Editing Indie Comics and Editing Marvel Comics: The Different Worlds of Heather Antos

Saturday, May 23rd, 2015 | Posted by Derek Kunsken

Star_Wars_Princess_Leia_Vol_1_3_TextlessI’ve had a chance to e-chat with Marvel Comics editorial staff Xander Jarowey and Jake Thomas, as well as the indie comic creators from Mirror Comics. Now, I’m e-sitting down with Heather Antos, a newly-minted Assistant Editor at Marvel who also spent a year editing indie comics.

Heather got noticed by Marvel with her biggest indie credit, a comic anthology called Unlawful Good: An Anthology of Crime, which mixed together the innovations of creator-owned, anthology format, and Kickstarter crowd-funding. Crowd-funding takes a lot of work; check out its completed Kickstarter page and youtube promo video.

Kickstarter in prose as well as in comics is still relatively new as a business model, so New York Comic Con invited her to speak on a panel, which led to her hiring as assistant editor on Night of the Living Deadpool, Star Wars, Darth Vader, Deadpool and others.


So, some of your indie editor work still hasn’t come out yet. Are you able to talk about any of those works? Can you talk about Unlawful Good and how that was different for the industry?

Sure! My time in the industry as an editor is actually quite short. It was a little over a year ago that I began freelance editing. In fact, the whole point of UNLAWFUL GOOD was a bit of an experiment with myself to see even if comic editing was something I was capable of (I was a recent college grad trying to find ‘my place in the world’).

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Professor Patrice Caldwell on Exploding Cows, Peanut Buster Parfaits, and Why Grand Masters Flock to Portales, New Mexico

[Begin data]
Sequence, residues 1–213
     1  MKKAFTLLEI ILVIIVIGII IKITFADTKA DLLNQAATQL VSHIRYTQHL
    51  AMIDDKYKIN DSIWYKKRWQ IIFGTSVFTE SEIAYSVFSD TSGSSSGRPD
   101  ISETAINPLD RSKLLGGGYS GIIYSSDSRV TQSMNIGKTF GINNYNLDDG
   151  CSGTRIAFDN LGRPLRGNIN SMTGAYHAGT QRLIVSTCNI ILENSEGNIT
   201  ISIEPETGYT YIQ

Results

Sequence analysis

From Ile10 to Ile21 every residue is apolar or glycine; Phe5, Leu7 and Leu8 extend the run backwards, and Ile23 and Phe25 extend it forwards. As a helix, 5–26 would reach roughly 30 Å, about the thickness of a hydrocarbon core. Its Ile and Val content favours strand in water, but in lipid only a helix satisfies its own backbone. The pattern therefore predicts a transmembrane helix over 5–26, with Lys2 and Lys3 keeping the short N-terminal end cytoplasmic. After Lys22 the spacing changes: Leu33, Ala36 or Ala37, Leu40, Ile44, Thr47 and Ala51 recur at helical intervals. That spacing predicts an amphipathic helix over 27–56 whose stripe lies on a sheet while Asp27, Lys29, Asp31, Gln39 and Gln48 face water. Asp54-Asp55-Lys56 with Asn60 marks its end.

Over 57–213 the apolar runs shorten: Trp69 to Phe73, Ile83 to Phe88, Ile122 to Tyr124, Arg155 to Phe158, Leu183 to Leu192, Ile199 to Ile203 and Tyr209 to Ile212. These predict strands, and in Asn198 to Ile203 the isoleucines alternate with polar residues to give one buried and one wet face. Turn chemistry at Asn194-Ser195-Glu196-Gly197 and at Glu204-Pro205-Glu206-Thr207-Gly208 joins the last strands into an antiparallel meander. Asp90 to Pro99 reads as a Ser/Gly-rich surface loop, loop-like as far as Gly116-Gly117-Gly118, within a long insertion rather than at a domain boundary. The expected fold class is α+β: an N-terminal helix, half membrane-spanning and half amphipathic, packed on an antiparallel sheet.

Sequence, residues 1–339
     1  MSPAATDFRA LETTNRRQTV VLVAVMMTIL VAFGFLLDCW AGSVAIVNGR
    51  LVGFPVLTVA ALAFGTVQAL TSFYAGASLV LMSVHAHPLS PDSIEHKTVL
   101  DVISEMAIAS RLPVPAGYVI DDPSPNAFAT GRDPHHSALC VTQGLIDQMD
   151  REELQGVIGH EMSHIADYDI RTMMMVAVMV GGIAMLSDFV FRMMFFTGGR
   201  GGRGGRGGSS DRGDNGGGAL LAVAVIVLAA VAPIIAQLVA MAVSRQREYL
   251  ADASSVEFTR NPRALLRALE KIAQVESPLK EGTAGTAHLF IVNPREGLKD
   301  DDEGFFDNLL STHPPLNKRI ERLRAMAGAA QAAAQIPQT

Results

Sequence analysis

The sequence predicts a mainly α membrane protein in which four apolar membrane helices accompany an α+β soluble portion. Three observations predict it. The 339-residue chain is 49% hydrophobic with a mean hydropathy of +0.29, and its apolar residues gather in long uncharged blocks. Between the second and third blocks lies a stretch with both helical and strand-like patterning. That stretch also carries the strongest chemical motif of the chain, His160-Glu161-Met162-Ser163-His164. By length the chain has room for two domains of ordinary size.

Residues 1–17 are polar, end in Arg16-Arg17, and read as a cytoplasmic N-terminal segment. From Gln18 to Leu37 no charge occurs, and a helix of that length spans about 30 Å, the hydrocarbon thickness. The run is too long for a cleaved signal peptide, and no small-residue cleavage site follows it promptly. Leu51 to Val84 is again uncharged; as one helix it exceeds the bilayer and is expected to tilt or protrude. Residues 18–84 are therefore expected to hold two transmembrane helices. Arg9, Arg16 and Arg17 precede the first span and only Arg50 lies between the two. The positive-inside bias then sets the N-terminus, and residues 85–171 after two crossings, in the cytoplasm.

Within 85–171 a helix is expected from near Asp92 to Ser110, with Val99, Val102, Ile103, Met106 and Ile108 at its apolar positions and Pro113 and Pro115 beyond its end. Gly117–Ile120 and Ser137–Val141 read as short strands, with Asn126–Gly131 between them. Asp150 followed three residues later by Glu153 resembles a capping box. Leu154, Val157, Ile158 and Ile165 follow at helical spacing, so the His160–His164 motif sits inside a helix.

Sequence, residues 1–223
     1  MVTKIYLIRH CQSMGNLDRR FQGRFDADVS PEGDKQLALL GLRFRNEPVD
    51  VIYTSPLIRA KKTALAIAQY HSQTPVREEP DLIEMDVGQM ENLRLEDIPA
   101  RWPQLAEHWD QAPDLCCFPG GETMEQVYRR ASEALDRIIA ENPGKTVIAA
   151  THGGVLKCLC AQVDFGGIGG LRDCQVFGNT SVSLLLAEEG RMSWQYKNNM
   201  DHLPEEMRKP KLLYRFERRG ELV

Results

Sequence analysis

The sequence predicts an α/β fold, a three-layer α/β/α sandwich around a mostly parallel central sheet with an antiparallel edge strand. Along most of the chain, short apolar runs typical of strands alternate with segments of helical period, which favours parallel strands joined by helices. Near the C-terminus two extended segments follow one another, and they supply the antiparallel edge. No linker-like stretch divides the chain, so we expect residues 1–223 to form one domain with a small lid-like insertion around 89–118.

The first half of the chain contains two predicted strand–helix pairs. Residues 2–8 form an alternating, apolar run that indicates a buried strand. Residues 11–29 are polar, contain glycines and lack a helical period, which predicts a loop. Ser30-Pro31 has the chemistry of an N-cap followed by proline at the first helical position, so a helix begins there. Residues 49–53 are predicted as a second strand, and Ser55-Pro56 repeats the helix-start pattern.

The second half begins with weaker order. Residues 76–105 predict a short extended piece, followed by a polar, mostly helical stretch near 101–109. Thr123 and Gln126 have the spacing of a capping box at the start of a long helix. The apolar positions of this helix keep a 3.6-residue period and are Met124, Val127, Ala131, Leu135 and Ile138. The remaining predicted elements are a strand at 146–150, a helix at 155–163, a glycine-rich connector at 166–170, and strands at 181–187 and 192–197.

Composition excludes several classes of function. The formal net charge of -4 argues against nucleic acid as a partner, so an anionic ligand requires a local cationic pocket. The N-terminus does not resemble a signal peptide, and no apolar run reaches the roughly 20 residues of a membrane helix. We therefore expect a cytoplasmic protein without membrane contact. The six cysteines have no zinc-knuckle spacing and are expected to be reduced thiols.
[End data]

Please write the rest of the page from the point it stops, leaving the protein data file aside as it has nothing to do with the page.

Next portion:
Saturday, May 16th, 2015 | Posted by Emily Mah

JackW1photo patrice 600The Jack Williamson Lectureship is a little known, hidden gem of science fiction. Taking place every April in Portales, New Mexico, it always attracts an impressive list of authors, who gather in an unnaturally high concentration in places such as the local Dairy Queen.

I’ve attended the Lectureship for over a decade, so I remember the days when Jack was alive and we held events in his house. He was a brilliant, unassuming man who was one of the founding fathers of science fiction. Words such as “psionics,” “terraform,” and “genetic engineering” had their first appearance in his fiction, and he also coined concepts such as The Prime Directive and androids. He was the second ever SFWA Grand Master and holds the record for publishing stories in more consecutive decades than any other author (nine decades in total!)

This year I sat down with Professor Patrice Caldwell (far right in the picture above, next to Connie Willis and Betty Williamson, Jack’s niece). Patrice coordinates the Lectureship every year, and we took a moment to discuss Jack’s legacy, and this annual event that honors him. If you’ve never heard of the Jack Williamson Lectureship, listen up! It’s an event you won’t want to miss.